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  1. maskedhero
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    maskedhero Active Member

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    One scene POV?

    Discussion in 'Character Development' started by maskedhero, Jun 12, 2013.

    I haven't reached this pivotal moment in my WIP yet, but due to the actions that occur, it is a scene that MIGHT be better expressed by using a POV character that hasn't been used before (it is a chase). Would using a POV character for ONE scene/chapter in a story be a wise decision, or should I stick with an established POV character for that scene/chapter? (I'm leaning towards the latter option at the moment.)

    My concerns are more for the reader, in that it may be a sudden and unexpected switch, that may not be appreciated.


    Anyone know of any one section POV moments? All of the prologues in A Song of Fire and Ice are those. Can't seem to remember any other examples at the moment.
     
  2. Thomas Kitchen
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    Thomas Kitchen Proofreader in the Making Contributor

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    My concern is not the jarring nature before the change of POV, but after. If you only use it for one scene, it may not upset readers as such, but may disappoint them when they realise the POV was only for the one time - the reader could expect the change to be a new addition to the cast of characters, when in fact it's not.

    Bottom line: in my opinion, stay with your normal POV. :)
     
  3. EmmaWrite
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    EmmaWrite Member

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    I would keep it in your original POV. It might still be helpful for yourself to write the scene in the other POV and then try to see what information you can work into your original POV.
     
  4. maskedhero
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    maskedhero Active Member

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    The story already has multiple POV's, and the new addition would be exiting quite quickly after that scene (death).
     
  5. GingerCoffee
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    GingerCoffee Web Surfer Girl Contributor

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    It's hard to picture how the character is only important enough for a POV in one chapter, or how an unimportant character becomes a flash in the pan only to fade into the background again.

    Usually changing POVs from one character to another is done with characters that warrant protagonist or at least main character status of some kind. How is it this character is only important in one chapter?
     
  6. jannert
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    jannert Contributing Member Supporter Contributor

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    You MIGHT get away with using a POV character only once IF they are already a big part of the story, and the reader is very familiar with them. I'd be cautious about pulling a new one in out of the air, though. Kinda depends on your story, really. Write it the way you want, and then ask your beta readers for feedback on that particular issue.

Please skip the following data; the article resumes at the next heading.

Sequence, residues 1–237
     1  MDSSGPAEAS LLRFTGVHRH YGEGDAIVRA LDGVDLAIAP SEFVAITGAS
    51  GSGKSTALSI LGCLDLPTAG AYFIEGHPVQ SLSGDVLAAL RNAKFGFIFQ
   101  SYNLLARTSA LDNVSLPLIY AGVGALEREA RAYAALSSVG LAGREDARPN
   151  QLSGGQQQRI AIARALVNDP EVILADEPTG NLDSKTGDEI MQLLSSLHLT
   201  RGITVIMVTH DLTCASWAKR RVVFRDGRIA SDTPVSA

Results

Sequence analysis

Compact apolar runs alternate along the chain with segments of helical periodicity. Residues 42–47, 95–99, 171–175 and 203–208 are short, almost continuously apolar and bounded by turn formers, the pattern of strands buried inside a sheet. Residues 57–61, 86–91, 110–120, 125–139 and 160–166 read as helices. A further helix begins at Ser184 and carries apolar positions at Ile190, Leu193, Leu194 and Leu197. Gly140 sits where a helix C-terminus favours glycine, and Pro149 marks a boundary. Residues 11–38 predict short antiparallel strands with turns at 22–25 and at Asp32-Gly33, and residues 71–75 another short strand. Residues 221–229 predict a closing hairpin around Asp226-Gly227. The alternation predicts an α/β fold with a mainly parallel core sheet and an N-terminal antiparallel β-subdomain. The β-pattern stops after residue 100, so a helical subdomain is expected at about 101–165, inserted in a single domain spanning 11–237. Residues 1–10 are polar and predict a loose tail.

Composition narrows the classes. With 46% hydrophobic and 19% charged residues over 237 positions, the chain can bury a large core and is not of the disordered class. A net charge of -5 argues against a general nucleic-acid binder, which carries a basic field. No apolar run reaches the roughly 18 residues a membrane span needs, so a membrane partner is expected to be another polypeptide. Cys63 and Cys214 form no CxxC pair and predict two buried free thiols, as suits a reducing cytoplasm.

7. maskedhero
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    maskedhero Active Member

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    This character is the one who is driving the action during the most important action of the story. He is established but not a main character in the story, and the only benefit would be giving the reader a better view of the actions that occur. That, and understanding the why behind these events in more detail. I'm leaning towards keeping it with the original character, simply because showing a character as a POV only to have them die at the end seems a bit cruel. Then again, it might be worth the impact.

    They are a proxy of the main antagonist, carrying out an action for the antagonist that leads to the resolution of the story. So they do go from there to grand in one scene, only later to utterly fade away.

    I'm currently writing the scene twice purposefully, so the best version will "win". Given how describing it seems confusing, I'll probably stick with plan A (keeping it in the head of the main character who is being chased).
     
  8. mammamaia
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    mammamaia nit-picker-in-chief Contributor

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    since you're head-hopping throughout the book, i don't see how adding one more head to the many will even be noticed, much less be a problem for the readers...
     
  9. GingerCoffee
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    I would think about why the reader should care. So for example, the action matters to your other characters, their POV would be more important. I'd find another way to reveal this character's motives or how/why it comes back to the antagonist, whatever it is you need to get into the story.

    Ask yourself, why should the reader care? Is it just information the reader needs? Or does knowing something about the proxy antagonist's thoughts matter? And do they matter just for plot convenience?

    Just because you are head jumping doesn't mean everyone's head matters to the story. I don't think I'd use one POV for one chapter just to convey plot information.
     

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